Investors are understandably nervous at the moment, but need to make sure that this does not result in decision paralysis or making the wrong choice with their investments, says Michael Hutton, wealth management partner at HLB Mann Judd Sydney.
“A good example of the uncertainty that exists is the concern that the government is will, at some point, make changes to the superannuation structure. Yet superannuation will almost certainly remain a worthwhile part of any long term investment strategy, and should still be considered a useful investment vehicle for lifetime saving.
“Superannuation allows investors to keep their money in a safe area that is subject to stringent regulations but that still offers real incentives.
“Investors shouldn’t be deterred to invest in superannuation due to a belief that government legislation will change, as we have seen this happen many times before.
“They should also bear in mind that when superannuation has been changed before, adjustments have always been grandfathered, and this is likely to be the case with any forthcoming changes.”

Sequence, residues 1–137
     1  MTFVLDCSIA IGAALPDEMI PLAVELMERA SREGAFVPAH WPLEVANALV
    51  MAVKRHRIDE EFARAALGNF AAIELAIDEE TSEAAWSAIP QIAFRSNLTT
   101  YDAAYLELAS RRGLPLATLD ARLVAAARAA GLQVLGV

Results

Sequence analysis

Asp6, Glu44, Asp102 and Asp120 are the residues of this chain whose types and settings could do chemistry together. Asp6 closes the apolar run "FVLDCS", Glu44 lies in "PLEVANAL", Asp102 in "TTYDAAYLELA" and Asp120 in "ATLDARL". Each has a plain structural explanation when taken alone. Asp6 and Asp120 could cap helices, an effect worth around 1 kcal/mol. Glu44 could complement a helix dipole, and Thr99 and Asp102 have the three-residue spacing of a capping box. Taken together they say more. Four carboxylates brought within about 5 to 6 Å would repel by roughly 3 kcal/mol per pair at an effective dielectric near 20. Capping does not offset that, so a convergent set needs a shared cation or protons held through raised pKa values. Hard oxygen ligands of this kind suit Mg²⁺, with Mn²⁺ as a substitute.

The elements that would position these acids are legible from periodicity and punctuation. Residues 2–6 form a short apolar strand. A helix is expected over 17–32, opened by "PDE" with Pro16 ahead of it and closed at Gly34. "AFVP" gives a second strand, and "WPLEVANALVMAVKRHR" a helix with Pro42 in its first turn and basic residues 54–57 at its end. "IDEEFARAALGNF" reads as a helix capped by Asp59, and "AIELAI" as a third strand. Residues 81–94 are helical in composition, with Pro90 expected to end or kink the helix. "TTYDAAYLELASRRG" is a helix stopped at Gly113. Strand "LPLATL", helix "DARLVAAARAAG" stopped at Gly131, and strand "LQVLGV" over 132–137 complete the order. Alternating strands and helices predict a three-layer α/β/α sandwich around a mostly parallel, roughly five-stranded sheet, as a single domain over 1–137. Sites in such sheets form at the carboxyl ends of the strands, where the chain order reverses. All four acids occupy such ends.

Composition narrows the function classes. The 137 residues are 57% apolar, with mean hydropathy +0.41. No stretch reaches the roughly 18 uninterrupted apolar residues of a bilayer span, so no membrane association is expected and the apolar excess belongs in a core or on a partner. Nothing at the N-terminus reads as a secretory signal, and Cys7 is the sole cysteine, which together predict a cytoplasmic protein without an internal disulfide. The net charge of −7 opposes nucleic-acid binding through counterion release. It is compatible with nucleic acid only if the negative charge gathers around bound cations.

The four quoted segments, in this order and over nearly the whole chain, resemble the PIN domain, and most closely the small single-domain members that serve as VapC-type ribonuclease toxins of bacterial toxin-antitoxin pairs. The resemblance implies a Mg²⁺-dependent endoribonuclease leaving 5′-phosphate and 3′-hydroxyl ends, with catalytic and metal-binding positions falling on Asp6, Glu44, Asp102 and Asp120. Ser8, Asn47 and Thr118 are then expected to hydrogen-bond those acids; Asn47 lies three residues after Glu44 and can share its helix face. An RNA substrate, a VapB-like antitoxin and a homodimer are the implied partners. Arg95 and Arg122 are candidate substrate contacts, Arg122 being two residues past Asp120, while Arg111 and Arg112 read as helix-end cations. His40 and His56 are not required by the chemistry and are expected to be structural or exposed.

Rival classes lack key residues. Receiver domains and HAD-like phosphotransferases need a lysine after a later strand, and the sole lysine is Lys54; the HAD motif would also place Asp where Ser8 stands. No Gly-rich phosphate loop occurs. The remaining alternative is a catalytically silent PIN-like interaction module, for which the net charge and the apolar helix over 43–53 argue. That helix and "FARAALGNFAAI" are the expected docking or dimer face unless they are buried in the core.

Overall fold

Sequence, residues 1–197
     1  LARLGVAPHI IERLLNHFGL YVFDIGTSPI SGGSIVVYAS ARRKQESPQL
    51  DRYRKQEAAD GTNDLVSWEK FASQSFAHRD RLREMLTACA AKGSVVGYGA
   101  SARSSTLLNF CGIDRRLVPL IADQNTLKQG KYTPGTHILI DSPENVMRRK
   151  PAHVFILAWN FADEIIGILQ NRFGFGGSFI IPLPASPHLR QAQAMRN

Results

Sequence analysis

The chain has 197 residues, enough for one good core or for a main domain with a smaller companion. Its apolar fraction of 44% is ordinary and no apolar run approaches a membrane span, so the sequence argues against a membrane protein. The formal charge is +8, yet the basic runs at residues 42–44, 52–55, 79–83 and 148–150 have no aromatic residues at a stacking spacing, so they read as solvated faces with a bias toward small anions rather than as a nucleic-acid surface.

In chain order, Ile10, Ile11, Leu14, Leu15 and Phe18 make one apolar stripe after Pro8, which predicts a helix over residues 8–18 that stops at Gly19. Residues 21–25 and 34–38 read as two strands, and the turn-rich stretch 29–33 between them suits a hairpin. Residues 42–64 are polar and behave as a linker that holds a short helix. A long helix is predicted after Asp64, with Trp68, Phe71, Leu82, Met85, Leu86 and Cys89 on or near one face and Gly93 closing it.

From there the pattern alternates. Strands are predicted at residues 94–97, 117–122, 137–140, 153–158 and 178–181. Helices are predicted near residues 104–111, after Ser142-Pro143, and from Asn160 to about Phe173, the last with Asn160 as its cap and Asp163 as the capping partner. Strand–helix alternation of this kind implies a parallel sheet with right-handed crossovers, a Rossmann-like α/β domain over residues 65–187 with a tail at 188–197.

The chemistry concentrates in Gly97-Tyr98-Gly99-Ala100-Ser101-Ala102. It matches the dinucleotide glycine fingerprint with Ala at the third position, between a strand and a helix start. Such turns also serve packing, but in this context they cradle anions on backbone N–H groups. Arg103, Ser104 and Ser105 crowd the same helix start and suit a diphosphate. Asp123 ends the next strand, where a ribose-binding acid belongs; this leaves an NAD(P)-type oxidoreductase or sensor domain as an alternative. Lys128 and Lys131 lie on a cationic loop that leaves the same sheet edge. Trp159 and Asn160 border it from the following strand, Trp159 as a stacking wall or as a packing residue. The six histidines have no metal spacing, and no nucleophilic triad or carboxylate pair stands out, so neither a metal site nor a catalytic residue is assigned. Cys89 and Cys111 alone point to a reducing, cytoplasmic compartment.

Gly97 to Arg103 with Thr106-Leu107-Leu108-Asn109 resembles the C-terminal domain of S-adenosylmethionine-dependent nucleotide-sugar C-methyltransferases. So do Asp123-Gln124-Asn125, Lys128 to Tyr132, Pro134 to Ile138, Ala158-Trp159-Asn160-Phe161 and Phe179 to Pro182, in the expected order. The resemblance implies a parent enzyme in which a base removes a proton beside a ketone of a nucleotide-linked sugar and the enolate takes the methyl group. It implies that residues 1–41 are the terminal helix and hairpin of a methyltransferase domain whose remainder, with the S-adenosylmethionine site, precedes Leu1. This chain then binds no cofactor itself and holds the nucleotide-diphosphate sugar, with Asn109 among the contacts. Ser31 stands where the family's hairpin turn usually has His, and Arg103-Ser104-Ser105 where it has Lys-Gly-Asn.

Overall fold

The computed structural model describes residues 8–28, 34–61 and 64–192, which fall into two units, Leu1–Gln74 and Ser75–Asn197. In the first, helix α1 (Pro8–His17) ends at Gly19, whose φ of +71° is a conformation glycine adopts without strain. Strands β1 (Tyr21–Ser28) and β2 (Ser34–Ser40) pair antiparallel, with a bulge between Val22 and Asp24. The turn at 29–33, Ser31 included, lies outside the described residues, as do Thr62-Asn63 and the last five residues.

Mr Hutton said that there is also increasing nervousness about investment markets, but investors should not be swayed from their investment strategy by the latest trend, investment fad, or product.
“Chasing a trend will more often than not result in a less than impressive long-term yield.
“It often means that investors end up selling at low points and buying at high points in the market cycle.
“A recent report in the USA* confirmed that mutual fund investors frequently achieve lower returns over 20 years compared with returns from the S&P500 over the same period because they choose the wrong times to buy or sell.
“Another thing investors should be wary of is heavily marketed schemes that are touted as tax effective investments. If the investment is not of high quality, the long term return is likely to be missing.
“The same is true of a knee-jerk reaction to the current rise in property values to take advantage of negative gearing. Property should be assessed in terms of its long term potential, not its current tax benefits.
“There is a difference between investing in assets to get tax benefits that might arise from them, to investing through a tax advantaged investment vehicle like superannuation,” Mr Hutton said.
HLB Mann Judd Sydney is a firm of accountants and business advisers, and a member of the HLB Mann Judd Australasian Association.
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